If state funds decline further, as some predict, the “state will probably reduce state aid another $200” per pupil, Heigele warned board members. “We could look at a $188,000 hit this year” in the district budget, he said.
“I can’t come up with that kind of money without considering a lot of significant cuts,” Heigele said.
Still, he told the board he did not think the district should, as yet, join a possible lawsuit by Schools for Fair Funding, the group responsible for a Kansas Supreme Court ruling in 2005 forcing legislators to adequately fund education. Joining the lobbying effort would cost $2 per pupil, he said. But, he noted, “the cost (of involvement in the suit) will go up depending on how long the lawsuit goes on.” Schools for Fair Funding is fighting to restore base aid to the September 2008 rate of $4,488.
“At this point, I’m not recommending we get involved in this,” Heigele said. “I think if it comes about it will cause more ill feelings between the Legislature and school officials. When the Legislature is back in session, I believe they will do the best they can for the schools. Right now, every agency in this state is suffering.”

HUMBOLDT Elementary School is sitting better, financially, than the rest of the district.
The school has been awarded a $28,168 Small, Rural School Achievement Program (REAP) grant. The grant, designed to help schools meet annual yearly progress, can be used to purchase supplies, technology and curriculum based on reading and mathematics at the elementary level, said Kay Bolt, elementary principal.
In addition, Bolt said, “we’re looking into buying some playground equipment” for the northwest portion of the school yard to balance use of the space. “We have money for it,” she said.
Humboldt schools administered 125 doses of the H1N1 vaccine to students Monday. The high school had about three weeks with greater than 5 percent absenteeism due to sickness, said High School Principal K.B. Criss. The elementary had “been pretty good up until today,” Bolt said. Monday saw 24 students out due to fever and coughs, she said.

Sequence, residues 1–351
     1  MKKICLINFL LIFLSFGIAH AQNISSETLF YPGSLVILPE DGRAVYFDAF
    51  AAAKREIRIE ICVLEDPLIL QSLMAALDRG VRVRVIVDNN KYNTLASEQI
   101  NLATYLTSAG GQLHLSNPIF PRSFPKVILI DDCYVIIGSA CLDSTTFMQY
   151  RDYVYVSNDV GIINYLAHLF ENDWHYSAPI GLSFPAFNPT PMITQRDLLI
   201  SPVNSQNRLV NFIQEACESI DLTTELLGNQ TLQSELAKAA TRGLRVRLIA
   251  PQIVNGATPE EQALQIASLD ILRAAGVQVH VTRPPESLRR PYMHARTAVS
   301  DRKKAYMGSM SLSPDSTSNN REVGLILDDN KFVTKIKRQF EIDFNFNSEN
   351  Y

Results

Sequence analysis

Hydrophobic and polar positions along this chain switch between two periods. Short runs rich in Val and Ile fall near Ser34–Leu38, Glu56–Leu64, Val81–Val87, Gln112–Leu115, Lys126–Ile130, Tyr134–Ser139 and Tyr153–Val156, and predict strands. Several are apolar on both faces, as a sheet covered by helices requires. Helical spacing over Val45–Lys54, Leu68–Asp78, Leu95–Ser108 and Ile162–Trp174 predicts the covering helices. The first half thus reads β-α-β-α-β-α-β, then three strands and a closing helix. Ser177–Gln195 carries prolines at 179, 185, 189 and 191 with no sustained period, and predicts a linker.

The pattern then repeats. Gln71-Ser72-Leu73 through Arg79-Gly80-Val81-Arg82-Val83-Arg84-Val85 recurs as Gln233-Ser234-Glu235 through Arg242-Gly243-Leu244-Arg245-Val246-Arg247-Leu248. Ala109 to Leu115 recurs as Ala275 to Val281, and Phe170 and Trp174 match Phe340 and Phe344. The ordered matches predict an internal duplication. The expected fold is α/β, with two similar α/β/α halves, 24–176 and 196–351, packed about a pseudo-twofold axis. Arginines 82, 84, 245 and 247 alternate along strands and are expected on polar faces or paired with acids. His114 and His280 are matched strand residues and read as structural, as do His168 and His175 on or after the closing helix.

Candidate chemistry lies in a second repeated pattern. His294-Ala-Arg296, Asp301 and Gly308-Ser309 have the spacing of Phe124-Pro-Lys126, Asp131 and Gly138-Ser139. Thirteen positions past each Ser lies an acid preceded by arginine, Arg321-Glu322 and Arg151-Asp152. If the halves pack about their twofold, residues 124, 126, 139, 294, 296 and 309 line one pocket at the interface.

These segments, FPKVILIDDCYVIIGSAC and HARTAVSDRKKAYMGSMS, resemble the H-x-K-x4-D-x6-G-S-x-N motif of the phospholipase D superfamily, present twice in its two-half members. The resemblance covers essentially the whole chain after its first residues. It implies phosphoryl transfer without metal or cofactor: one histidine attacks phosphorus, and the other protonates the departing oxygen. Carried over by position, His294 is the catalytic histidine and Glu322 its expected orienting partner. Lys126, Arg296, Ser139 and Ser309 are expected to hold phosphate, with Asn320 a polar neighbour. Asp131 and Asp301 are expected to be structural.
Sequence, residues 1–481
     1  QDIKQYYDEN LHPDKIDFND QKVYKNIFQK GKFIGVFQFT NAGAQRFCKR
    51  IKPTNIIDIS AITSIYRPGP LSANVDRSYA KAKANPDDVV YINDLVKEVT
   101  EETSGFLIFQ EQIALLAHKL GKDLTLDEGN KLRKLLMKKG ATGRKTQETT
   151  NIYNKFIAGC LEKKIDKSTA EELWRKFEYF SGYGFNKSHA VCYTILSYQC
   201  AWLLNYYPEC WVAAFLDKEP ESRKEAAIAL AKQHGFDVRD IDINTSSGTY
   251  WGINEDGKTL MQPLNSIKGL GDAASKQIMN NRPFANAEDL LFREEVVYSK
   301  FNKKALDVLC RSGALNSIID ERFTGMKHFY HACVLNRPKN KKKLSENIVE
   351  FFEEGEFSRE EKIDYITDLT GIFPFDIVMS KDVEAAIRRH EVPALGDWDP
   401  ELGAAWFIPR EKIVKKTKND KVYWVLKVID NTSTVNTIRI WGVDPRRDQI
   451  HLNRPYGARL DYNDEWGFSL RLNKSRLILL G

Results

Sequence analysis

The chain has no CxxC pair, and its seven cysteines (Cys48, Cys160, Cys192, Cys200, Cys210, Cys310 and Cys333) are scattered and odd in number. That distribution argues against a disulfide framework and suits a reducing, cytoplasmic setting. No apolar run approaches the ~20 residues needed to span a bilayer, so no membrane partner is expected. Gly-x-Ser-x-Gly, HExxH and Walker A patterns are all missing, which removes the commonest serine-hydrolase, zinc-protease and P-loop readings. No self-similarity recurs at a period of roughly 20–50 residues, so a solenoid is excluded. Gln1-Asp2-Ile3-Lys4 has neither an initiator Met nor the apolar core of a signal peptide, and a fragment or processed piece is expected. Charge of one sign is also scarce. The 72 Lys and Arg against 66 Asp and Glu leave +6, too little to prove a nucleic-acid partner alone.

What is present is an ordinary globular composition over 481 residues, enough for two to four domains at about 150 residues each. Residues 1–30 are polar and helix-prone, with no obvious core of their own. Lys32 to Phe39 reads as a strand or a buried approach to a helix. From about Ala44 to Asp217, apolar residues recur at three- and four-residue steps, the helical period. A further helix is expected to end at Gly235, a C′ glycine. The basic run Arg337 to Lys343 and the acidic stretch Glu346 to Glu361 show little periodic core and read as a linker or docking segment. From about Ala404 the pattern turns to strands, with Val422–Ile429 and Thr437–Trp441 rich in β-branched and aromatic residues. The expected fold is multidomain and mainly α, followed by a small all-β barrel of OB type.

The district received official notice from the KSDE that Humboldt Elementary had met the standard of excellence for fourth and fifth grade reading, third and fifth grade math and building-wide for reading and math. The middle school met the standard of excellence building-wide, seventh and eight grades for reading and math, and the high school building-wide for reading and math. In addition, the high school met 100 percent proficiency in science. AYP is judged on reading and math, Criss noted.

IN OTHER business, the board discussed a technology audit of all the schools’ equipment and wiring and creating a schematic of the current technology system. Heigele is also applying for a $125,000 tech rich grant.
“If we get it, it would probably allow us to make all our middle school classrooms tech rich,” he said. Criss noted the grant would cover four middle school classes. The grant requires a $50,000 match from the school district. “You have that in your capital outlay” fund, Heigele told the board.
Staci Hudlin resigned as high school volley ball coach; Stephanie Middleton Splechter was hired to replace her.
John Johnson was hired as assistant middle school girls basketball coach and Amy Welch as assistant girls high school basketball coach.
Craig Smith was hired as high school principal on a two-year contract beginning with the 2010-2011 academic year.
School records of canceled checks, purchase orders, employee applications and the like from 2003-2004 were approved for destruction. Records are routinely destroyed after five years, Heigele said.